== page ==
Super Micro is trying mitigate its soured reputation by moving its production out of China after a report surfaced that the country was planting chips on its server motherboards to spy on top American companies. According to the report, Chinese government-affiliated groups infiltrated the company’s supply chain to attach the chips. The rice-sized chips reportedly allowed remote attackers to access any network that included the altered motherboards.
Independent investigations from companies like Apple and Amazon have not found any evidence of such spying to-date; Bloomberg claimed that Amazon originally discovered the chips in 2015 during its acquisition of Elemental Systems. Amazon hired a third-party company analyze the security of Elemental and that company discovered the chips embedded in the Super Micro server motherboards.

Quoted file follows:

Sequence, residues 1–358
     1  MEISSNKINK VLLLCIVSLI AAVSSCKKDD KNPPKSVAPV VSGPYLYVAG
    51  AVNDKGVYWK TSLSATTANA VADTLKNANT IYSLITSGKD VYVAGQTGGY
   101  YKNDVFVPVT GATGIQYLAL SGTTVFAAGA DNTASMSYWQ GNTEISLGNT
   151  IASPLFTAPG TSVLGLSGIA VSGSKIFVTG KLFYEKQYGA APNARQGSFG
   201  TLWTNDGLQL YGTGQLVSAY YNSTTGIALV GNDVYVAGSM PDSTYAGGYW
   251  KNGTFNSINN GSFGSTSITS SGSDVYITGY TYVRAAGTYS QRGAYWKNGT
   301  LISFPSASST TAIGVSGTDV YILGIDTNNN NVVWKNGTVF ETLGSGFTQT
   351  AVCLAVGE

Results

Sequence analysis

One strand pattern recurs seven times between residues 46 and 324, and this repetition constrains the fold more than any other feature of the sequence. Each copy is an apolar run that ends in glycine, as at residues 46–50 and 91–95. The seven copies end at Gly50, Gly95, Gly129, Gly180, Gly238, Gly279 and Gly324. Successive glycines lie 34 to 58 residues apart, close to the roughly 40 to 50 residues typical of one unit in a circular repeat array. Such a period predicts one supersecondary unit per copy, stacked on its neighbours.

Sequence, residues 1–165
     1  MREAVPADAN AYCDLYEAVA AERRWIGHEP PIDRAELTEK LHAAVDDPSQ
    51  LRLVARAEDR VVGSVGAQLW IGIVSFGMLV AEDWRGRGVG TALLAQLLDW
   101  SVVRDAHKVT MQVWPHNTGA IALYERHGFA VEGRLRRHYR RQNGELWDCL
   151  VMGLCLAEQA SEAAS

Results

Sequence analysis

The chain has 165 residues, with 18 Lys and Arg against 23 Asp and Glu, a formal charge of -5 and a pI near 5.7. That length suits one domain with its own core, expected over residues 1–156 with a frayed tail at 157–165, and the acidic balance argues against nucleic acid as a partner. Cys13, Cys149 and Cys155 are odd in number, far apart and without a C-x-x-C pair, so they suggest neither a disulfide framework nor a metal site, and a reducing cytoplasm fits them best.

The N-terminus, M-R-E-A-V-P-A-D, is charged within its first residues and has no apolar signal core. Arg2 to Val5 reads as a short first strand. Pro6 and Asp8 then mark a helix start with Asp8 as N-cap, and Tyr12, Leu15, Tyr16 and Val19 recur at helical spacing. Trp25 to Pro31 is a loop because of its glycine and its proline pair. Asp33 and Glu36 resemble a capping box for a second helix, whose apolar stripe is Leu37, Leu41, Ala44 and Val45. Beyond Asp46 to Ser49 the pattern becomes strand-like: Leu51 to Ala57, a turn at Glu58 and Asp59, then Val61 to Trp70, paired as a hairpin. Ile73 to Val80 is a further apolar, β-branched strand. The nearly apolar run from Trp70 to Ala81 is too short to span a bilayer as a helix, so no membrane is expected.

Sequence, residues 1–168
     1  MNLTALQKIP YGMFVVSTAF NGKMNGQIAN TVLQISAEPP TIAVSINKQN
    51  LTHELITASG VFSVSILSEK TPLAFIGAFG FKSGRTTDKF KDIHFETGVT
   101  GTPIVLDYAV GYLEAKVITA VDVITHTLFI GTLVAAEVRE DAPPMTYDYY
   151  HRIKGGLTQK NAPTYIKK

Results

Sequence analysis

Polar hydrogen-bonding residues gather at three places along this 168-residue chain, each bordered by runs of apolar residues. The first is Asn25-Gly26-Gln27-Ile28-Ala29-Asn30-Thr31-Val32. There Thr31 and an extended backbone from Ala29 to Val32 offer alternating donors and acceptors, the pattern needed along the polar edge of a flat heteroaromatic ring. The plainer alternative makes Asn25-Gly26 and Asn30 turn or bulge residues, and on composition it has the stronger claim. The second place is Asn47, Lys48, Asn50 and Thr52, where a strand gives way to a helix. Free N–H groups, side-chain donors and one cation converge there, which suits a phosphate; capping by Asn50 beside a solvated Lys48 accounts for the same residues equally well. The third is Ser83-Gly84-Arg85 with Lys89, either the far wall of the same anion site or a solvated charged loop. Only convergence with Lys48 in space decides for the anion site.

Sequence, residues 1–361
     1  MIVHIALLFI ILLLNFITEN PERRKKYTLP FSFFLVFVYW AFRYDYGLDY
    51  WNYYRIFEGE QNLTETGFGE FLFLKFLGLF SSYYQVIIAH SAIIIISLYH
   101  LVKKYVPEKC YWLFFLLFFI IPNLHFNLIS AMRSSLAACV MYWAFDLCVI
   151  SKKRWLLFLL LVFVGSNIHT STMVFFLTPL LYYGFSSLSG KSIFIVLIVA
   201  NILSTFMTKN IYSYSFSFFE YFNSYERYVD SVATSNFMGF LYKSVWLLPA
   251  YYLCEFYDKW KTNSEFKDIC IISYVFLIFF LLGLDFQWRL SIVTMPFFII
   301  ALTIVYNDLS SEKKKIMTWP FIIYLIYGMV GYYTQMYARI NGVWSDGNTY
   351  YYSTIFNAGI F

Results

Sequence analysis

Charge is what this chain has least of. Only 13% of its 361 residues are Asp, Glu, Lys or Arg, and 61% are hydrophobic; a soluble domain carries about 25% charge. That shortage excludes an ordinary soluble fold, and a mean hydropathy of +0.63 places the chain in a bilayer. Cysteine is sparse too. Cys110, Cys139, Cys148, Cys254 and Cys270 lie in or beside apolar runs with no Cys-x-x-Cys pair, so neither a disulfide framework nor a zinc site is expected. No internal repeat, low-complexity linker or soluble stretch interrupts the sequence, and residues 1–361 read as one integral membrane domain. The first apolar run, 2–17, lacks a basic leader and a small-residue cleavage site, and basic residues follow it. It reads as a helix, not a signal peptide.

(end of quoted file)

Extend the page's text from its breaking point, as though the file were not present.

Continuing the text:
It should also be noted that Apple did end its relationship with Super Micro in 2016 over the same concerns, but joined Amazon, Super Micro, and China’s Ministry for foreign affairs in denying the validity of Bloomberg's report after it was published.
Still, Super Mirco's decision seemingly comes out of an abundance of caution and the desire to regain trust with its customer-base; it's had trouble making sales to specific US customers, especially those with ties to government. Additionally, Super Micro is expanding its US-based productions and building a $65 million factory in Taoyuan, Taiwan, largely due to the spying rumors, but also because some of the increased tariffs the US has placed on China.